~Christina Wodtke, January 2013 While we designers like to think of ourselves as advocating for end users, we’re ultimately responsible for helping our customers: the employers or clients who hire us to help achieve certain organizational goals. This means every project should begin with understanding what the product or service is meant to accomplish. Why is the project important?
Understanding the business starts with stakeholder interviews. It’s crucial for the design team to establish relationships with these stakeholders as early as possible. Beware invisible executives. InfoDevelopmentWorld sur Twitter : "Content Leadership: Bridging Silos and Building Teams at @InfoDevWorld w/ @leenjones #CX #UX.
Okt. Content Leadership: Bridging Silos and Building Teams Wednesday, September 30 — 9:00am-5:00pm Colleen Jones Principal Content Science Without the right people collaborating behind the scenes, you can't sustain even the most brilliant content strategy. There is no content fairy to plan, execute, maintain, and optimize your content, plus ensure all of your different stakeholders understand and contribute appropriately. There is only the content leader. In this full-day workshop facilitated by Colleen Jones, you will gain knowledge and skills to lead your organization’s content efforts. What You'll Learn The value of having an empowered content team or set of teams: Four principles of change management applied to content.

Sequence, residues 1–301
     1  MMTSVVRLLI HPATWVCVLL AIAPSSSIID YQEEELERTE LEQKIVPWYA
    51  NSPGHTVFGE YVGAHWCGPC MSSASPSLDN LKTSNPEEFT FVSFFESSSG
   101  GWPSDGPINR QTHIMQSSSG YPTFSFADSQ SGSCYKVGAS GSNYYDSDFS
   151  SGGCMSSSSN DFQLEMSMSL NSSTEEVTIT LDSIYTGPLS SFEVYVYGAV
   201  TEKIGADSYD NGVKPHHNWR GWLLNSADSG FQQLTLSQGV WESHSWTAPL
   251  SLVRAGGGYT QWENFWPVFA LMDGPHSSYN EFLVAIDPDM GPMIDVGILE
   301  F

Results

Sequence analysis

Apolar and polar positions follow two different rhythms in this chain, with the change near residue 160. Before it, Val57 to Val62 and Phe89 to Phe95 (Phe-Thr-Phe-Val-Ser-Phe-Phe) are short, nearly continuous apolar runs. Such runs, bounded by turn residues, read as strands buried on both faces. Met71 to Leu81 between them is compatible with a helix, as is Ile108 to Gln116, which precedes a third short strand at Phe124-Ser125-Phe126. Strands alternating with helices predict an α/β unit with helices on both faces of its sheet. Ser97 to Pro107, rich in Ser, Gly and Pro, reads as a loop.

About As principal of the consultancy Content Science, Colleen has led strategic initiatives for clients ranging from Dell to Equifax to Centers for Disease Control and Prevention. Prioritization is deciding. How to Use Persona Empathy Mapping. “No one cares how much you know, until they know how much you care”-Theodore Roosevelt Empathy: it’s a buzzword in the UX design world. Everybody’s doing it! But what exactly are they doing? There isn’t a quick “Empathy Filter” that we can apply to our work or our team, no formula to pump out results, and no magic words to bring it forth. There is, however, a simple workshop activity that you can facilitate with stakeholders (or anyone responsible for product development, really) to build empathy for your end users. At Cooper, we call it Persona Empathy Mapping. Empathy mapping helps us consider how other people are thinking and feeling. Image from Gamestorming. We add a twist to the technique by focusing on personas during post-synthesis workshops with our stakeholders.